“US Government Predicts Crypto Mining to Consume Same Amount of Electricity as Australia by 2023”



Digital cryptocurrency, often referred to as the future of finance, relies on a process called mining to function, similar to how gold is mined. However, unlike gold mining which takes place in dark caverns, cryptocurrency mining takes place online.

The popularity of cryptocurrency has led to a rise in the number of crypto-mines, which consume an extraordinary amount of electricity. According to the U.S. Energy Information Administration, in 2023, crypto miners around the world used as much electricity as the entire country of Australia. This has prompted the U.S. government to collect data on the industry’s energy use within America.

RYAN BROWN – CNBC CRYPT CORRESPONDENT: “People have long been warning about the excessive amount of energy required to mine Bitcoin.”


Cryptocurrency relies on miners to solve highly complex puzzles in order to find and record transactions on the internet. Each puzzle that is solved adds a block to the blockchain, which is essentially a digital ledger.

RYAN BROWN – CNBC CRYPT CORRESPONDENT: “If person A is sending Bitcoin to person B, that transaction needs to be verified by miners. Once verified, the blockchain needs to be updated with that transaction. Miners are then rewarded in Bitcoin.”


With the increasing popularity of cryptocurrency, many miners see it as a lucrative opportunity. According to the Cambridge Bitcoin Electricity Consumption Index, the share of Bitcoin mining in the U.S. jumped from 3.4% in January 2020 to 37.8% in January 2022.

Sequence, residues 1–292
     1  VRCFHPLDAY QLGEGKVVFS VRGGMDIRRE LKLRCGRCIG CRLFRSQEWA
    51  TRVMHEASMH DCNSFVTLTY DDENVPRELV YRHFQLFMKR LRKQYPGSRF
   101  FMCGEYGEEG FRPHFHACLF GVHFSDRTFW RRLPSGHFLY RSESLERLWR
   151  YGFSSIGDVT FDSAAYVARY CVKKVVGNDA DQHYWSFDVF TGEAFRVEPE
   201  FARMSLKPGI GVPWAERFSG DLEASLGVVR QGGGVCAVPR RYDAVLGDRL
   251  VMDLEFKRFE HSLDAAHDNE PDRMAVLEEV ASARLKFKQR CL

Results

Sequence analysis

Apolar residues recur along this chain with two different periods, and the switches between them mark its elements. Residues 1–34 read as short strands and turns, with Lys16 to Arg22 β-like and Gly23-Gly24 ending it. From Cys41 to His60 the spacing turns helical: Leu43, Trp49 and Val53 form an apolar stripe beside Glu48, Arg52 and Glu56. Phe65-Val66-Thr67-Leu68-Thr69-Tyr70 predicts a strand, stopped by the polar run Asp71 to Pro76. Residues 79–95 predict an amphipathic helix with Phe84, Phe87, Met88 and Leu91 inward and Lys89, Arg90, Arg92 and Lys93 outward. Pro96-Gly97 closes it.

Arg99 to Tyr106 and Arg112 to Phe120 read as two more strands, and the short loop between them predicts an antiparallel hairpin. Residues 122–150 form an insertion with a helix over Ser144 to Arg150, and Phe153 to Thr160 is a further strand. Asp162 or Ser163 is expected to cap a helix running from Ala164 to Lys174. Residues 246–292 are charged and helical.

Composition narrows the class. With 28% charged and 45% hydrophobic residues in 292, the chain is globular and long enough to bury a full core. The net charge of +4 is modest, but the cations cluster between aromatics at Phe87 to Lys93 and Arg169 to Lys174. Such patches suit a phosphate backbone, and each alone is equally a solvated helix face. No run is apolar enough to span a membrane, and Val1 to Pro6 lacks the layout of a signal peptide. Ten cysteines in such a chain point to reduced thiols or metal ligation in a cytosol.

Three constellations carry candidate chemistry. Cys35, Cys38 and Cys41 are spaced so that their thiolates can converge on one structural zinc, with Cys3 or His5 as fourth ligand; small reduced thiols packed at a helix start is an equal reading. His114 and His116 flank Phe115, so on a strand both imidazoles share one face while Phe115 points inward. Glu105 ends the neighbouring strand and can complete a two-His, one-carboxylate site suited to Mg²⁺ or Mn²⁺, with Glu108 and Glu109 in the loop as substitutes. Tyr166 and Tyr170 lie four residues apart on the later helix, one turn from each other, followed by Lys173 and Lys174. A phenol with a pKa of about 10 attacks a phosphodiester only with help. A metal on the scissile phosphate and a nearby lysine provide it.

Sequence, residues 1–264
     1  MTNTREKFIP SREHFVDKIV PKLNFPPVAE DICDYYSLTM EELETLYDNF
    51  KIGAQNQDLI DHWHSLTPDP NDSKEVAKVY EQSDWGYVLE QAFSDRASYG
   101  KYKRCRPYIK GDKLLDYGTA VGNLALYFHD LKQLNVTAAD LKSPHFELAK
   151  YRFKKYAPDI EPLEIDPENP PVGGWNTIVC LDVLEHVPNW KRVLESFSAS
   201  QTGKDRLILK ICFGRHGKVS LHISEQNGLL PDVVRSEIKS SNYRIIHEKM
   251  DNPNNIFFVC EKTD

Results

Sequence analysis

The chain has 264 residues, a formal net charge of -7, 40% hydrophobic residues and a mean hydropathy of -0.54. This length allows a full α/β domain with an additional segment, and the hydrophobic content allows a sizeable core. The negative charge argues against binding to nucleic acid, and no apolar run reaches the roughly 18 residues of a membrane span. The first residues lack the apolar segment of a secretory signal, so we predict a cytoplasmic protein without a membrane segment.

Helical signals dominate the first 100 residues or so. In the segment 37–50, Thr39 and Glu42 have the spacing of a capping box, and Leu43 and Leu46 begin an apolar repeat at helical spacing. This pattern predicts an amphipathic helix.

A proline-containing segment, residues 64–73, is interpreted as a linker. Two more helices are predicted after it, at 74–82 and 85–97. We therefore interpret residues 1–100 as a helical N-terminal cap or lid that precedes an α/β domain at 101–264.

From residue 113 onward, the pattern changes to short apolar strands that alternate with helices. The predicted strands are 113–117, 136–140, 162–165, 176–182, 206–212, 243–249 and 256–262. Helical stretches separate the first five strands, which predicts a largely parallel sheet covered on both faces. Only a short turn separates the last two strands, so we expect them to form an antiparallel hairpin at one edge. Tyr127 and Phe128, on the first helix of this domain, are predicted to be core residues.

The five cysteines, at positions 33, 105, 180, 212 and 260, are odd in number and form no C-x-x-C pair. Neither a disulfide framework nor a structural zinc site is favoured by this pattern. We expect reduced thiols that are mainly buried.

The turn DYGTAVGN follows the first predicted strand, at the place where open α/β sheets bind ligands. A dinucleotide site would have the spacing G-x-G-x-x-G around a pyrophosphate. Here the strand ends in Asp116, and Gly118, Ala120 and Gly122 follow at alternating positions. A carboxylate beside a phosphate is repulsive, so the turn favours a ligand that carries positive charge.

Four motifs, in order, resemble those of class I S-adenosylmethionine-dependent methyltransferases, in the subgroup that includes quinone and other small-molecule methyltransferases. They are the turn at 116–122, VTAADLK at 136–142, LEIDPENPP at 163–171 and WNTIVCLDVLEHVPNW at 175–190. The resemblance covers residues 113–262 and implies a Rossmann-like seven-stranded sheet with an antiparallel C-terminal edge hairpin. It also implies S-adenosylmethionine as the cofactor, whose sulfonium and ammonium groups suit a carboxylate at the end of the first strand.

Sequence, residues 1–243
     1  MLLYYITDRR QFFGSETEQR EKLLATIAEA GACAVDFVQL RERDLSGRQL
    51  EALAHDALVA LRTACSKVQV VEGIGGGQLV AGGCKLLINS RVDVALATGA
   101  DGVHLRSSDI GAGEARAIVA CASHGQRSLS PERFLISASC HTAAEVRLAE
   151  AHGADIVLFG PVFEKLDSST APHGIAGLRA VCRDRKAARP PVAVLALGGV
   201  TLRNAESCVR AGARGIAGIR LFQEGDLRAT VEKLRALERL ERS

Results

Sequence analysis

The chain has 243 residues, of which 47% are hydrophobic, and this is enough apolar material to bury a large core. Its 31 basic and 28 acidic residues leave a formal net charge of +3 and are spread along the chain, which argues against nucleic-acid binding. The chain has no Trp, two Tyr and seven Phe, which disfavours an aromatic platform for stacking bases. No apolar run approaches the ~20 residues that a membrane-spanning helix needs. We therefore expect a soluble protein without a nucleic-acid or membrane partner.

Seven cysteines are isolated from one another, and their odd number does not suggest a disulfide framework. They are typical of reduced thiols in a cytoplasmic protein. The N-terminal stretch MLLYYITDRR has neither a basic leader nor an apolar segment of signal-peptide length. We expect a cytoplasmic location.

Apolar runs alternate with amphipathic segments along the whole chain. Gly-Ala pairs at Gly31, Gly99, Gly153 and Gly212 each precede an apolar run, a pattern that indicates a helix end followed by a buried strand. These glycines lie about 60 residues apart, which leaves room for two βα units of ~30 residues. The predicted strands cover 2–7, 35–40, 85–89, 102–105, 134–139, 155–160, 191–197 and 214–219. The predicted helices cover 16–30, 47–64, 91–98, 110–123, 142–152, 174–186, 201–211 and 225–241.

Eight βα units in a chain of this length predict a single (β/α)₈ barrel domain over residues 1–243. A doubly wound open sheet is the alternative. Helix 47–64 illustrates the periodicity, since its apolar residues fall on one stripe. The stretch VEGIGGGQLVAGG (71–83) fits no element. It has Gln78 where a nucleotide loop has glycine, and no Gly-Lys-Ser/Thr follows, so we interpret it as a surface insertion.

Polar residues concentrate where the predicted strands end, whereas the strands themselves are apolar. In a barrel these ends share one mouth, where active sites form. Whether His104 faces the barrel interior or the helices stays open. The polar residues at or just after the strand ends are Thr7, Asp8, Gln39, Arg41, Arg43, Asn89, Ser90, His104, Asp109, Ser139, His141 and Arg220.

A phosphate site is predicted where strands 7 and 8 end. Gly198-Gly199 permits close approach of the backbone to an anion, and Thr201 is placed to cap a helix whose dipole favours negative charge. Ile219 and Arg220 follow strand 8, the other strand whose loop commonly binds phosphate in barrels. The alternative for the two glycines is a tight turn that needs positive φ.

Concerns about the energy consumption of crypto-mining have been growing for years. The New York Times reported that Bitcoin mining uses seven times the amount of electricity that Google uses in one year. In the U.S. alone, crypto-mining accounts for up to 2.3% of the entire country’s electricity demand, which is equivalent to the entire state of Utah or West Virginia.

In response to these concerns, the White House has authorized an emergency data request, allowing the U.S. Energy Information Administration to collect information on the energy use of certain crypto miners.

Joe DeCarolis, EIA Administrator: “We will specifically focus on how the energy demand for cryptocurrency mining is evolving, identify geographic areas of high growth, and quantify the sources of electricity used to meet cryptocurrency mining demand.”

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